Nyembo v Refugee Appeals Tribunal

JurisdictionIreland
JudgeDenham J.
Judgment Date19 June 2007
Neutral Citation[2007] IESC 25
CourtSupreme Court
Docket NumberAppeal No. 395/2006
Date19 June 2007

[2007] IESC 25

THE SUPREME COURT

Denham J.

Fennelly J.

Finnegan J.

Appeal No. 395/2006
NYEMBO v REFUGEE APPEALS TRIBUNAL & NICHOLSON
Between/
Richard Nyembo
Applicant/Appellant

and

The Refugee Appeals Tribunal and James Nicholson
Respondents

RSC O.25

RSC O.34 r 2

DELANY & MCGRATH CIVIL PROCEDURE IN THE SUPERIOR COURTS 2ED 2005 505 PARA 19.01

KILTY v HAYDEN 1969 IR 261

TARA MINES v MIN FOR INDUSTRY 1975 IR 242

F (B T) v DPP 2005 2 IR 559 2005 2 ILRM 367 2005 24 4872 2005 IESC 37

WINDSOR REFRIGERATOR CO LTD v BRANCH NOMINEES LTD 1961 CH 375

Abstract:

Practice and procedure - Asylum law - Preliminary issue - Whether this was an appropriate case to have two issues of law determined as preliminary issues.

The applicant/appellant appealed from a decision of the High Court, which ordered that two issues of law should be determined as preliminary issues. Those issues related to the alleged prejudice and bias of the second named respondent in determining appeals from the Refugee Applications Commissioner. Trial of a preliminary issue was requested in the High Court by the respondents in judicial review proceedings. The appellant submitted that this was not an appropriate case for the trial of preliminary issues as there were contested facts and in particular alleged that the conceded facts by the respondents fell short of the cases mounted by the applicant.

Held by the Supreme Court (Denham, Fennelly, Finnegan JJ) in allowing the appeal and remitting the matter to the High Court: 1. That in the circumstances of this case, where there were contested facts, which were relevant to the issues of law and where there was no agreement on the facts and where the facts were not even conceded for the purpose of the preliminary issues, it was not appropriate, practical or convenient to have preliminary issues of law determined.

Tara Mines v. Minister for Industry and Commerce [1995] IR 242 applied.

Reporter: L.O’S.

Denham J.
1

This is an appeal by Richard Nyembo, the applicant/appellant, hereinafter referred to as 'the applicant', from the decision of the High Court (Feeney J.), delivered on the 6th October, 2006, which ordered that two issues of law should be determined as preliminary issues. These were stated as:-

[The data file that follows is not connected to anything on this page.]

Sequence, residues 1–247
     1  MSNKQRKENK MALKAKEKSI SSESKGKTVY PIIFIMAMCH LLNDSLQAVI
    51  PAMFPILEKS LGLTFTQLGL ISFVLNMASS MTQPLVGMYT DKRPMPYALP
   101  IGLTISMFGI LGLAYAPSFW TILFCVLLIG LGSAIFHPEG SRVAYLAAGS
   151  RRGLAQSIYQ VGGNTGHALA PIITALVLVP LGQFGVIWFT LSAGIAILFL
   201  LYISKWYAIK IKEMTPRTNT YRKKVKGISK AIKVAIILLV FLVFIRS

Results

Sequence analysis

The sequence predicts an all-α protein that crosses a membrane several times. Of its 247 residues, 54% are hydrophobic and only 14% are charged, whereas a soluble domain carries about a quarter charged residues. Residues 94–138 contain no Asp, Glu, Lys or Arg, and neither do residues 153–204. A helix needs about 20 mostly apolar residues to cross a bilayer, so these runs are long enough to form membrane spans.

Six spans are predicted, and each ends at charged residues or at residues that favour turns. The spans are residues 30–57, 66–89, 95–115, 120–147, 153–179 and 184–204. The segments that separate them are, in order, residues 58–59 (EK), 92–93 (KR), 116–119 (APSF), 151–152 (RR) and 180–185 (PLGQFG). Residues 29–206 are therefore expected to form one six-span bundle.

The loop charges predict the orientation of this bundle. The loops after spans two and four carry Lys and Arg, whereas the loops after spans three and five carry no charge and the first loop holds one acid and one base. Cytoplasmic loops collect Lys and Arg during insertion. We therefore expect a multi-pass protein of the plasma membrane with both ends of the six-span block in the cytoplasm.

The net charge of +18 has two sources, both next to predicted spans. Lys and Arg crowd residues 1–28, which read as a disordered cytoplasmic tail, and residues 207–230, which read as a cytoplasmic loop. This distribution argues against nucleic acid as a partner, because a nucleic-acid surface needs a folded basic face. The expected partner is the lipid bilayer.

2

"1. Whether as a matter of law statistical evidence on the outcome of decisions of the second respondent as a member of the Refugee Appeals Tribunal is admissible in evidence.

3

2. Whether as a matter of law statistics and/or evidence relating to the outcomes or results of decisions made by the Refugee Appeals Tribunal can without more constitute a basis for a finding of actual and/or apparent bias."

4

The learned trial judge further ordered that the agreed facts upon which to base the trial of the preliminary issues be:

"The second named Respondent has not during the period from the 1st day of January 2002 to the 30th day of June 2004 set aside any recommendation of the Refugee Applications Commissioner and during that period he heard hundreds of Appeals"

5

2. Trial of a preliminary issue was requested in the High Court by the respondents in judicial review proceedings. On 8th March, 2006 the High Court (Butler J.) granted leave for judicial review, after a two day hearing. Having explained that he generally did not give a written judgment when he is granting leave, the learned High Court judge stated:-

"Mr. Nyembo is from the Democratic Republic of Congo. He now lives in Cork and arrived here on the 23rd April, 2003. In a nutshell, he alleges serious risk of injury or death if he is returned to the Democratic Republic of Congo. He appealed the ORAC decision in September 2004 and was notified that his appeal was due to be heard by Mr Jim Nicholson. He was advised by Mr Colm Stanley, his Solicitor, that he had never known a positive decision from that particular member. There is uncontested evidence from a number of solicitors that they feel obliged to advise appellants that there is no prospect of success before this particular member. The reliefs sought are listed in the Notice of Motion.

Mr MacGrath S.C. convincingly argued that statistics alone are not enough to prove bias and he put forward strong authorities in that regard. But the situation here is unique in that in any cases involving an oral hearing before the Refugee Appeals Tribunal, no Applicant has even succeeded before this Tribunal Member. Mr MacGrath was correct in stating that this case goes beyond statistical analysis and in relation to judicial decisions it is hoped that one would never reach a situation where legal advisors feel that they have to advise their clients that there is no possibility of success before a particular Judge. I note the argument in relation to statistics and I am not granting leave on that point. I am therefore excluding all grounds in relation to statistics and I am granting leave to Nyembo on the following grounds:"